Workplace Injuries Resources
Workplace Injuries Resources
What You Need To Know
Sometimes workplace injuries are purely accidental, and sometimes they can be caused by another person’s negligent or wrongful actions. If you have suffered a workplace injury, you may have questions about medical bills, insurance, making a claim, or negotiating a settlement. Read below for commonly asked questions about workplace injuries.
Workplace Injuries Frequently Asked Questions
What is a workplace injury?
Should I get workers’ comp for a workplace injury?
You can find out more about workers’ compensation in the Workers’ Compensation area of our website.
Can I file a workers’ comp claim and a personal injury claim at the same time?
There are a few situations that fall outside the scope of the Workers’ Compensation Act. In these situations, an injured employee may be able to bring a personal injury claim or third party claim and recover more compensation than they would be entitled to through the workers’ comp system. This is because a workers’ comp claim only compensates an employee for economic losses, while a personal injury claim should also compensate a victim for noneconomic damages like the physical pain and emotional trauma of the injury.
Personal injury claims against employers are rare in Pennsylvania. One of the few situations outside the scope of the Act is when an employee is attacked or assaulted by a third party for personal reasons not related to their employment. Sometimes it is possible to show that the employer was negligent by failing to maintain a workplace that is safe for their employees, and hold the employer liable for injuries sustained in the third party attack.
Another situation which may allow for a third party claim for injuries sustained at work is when the employee is injured as a result of a third party’s negligence. For example, if an employee is injured because a piece of equipment is defective, they are in a road accident, or the work site is not properly maintained by the property owner, they may have a third party claim against the equipment manufacturer, negligent driver, or property owner.
What are common workplace injuries?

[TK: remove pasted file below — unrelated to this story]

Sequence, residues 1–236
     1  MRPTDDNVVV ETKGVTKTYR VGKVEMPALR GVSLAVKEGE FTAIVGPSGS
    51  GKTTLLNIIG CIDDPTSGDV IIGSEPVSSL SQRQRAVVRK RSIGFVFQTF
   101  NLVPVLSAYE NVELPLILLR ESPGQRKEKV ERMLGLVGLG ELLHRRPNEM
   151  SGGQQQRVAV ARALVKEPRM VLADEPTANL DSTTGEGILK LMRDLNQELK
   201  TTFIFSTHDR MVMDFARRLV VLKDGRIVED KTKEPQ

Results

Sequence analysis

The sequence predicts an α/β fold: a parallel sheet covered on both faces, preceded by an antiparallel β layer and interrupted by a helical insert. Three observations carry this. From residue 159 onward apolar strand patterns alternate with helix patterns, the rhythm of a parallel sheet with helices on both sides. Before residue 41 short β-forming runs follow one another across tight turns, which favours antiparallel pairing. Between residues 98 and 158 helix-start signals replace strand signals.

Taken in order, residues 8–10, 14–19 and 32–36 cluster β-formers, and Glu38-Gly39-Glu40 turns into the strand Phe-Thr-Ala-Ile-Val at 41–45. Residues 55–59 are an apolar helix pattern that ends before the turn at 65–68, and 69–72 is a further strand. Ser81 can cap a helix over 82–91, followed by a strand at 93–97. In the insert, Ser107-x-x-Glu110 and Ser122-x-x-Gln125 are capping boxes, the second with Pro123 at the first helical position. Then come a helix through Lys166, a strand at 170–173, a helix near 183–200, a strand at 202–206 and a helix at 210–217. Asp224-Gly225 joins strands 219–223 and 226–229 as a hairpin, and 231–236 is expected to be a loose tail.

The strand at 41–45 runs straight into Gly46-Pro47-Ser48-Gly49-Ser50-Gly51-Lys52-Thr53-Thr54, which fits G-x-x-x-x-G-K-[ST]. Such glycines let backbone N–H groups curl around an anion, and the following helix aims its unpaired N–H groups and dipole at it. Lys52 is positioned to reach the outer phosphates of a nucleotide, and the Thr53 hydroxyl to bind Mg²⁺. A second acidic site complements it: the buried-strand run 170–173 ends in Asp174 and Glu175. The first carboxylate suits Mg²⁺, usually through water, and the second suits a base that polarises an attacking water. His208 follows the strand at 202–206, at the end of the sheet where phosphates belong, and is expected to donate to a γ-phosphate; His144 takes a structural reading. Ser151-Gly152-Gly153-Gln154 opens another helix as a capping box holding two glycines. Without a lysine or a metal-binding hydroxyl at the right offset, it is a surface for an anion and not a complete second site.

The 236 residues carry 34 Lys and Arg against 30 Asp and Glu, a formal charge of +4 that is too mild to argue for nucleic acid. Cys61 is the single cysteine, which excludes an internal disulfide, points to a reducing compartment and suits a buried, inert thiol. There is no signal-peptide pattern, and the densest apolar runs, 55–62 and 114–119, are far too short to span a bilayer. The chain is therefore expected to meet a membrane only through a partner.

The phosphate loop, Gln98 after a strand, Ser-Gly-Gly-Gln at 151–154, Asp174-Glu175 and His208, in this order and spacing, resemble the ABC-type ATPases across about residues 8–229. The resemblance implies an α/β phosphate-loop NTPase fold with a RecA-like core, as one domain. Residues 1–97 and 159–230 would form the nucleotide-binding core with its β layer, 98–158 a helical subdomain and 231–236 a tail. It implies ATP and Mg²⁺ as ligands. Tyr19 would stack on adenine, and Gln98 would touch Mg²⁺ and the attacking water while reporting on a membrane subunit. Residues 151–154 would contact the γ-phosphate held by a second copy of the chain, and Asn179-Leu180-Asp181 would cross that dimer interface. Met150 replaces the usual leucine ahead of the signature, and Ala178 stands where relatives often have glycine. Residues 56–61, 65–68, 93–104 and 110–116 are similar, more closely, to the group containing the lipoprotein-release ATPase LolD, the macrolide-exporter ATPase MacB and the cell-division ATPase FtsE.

According to the National Safety Council, the top nonfatal occupational injuries causing employees to miss work in the U.S. in 2020 were:
1. Exposure to harmful substances or environments
2. Overexertion, bodily reaction
3. Falls, slips, trips
4. Contact with objects/equipment
5. Transportation incidents
6. Violence and other injuries by persons or animals
7. Nonclassifiable injuries
8. Fire and explosions
The top ranking category of “Exposure to harmful substances or environments” jumped from 6th place to 1st place in 2020 because it includes days missed due to exposure to COVID-19.
What should I do if I have been injured at work?
Report your injury. In Pennsylvania, you must report a workplace injury to your supervisor within 21 days to be eligible for workers’ compensation benefits. It is advisable to report the injury to your employer or supervisor as soon as it happens, whether or not this will be a workers’ comp claim. If you only inform your supervisor verbally at the time of the accident, you may need to submit a formal written report later but make sure you do this within 21 days so that you are still eligible for workers’ comp, if needed. Keep a copy of all accident reports, medical reports, medical bills, and any other documentation. These will be necessary for your accident claim.
Contact an experienced workplace injuries lawyer for advice on how to proceed with your claim. Workplace injuries and workers’ compensation claims can be complicated and you do not want to limit your compensation because you missed a deadline or did not understand your legal rights.
Do I need an attorney for a workplace injury?
How do I get compensation for a workplace injury?
Who is liable for a workplace injury?
Some of the parties that could be liable in a workplace injury claim could be:
2. Another employee
3. Building or premises owner
4. Property maintenance company
5. Equipment manufacturer
6. Other drivers
Your attorney will investigate your accident to determine who may be liable and should be included in your claim.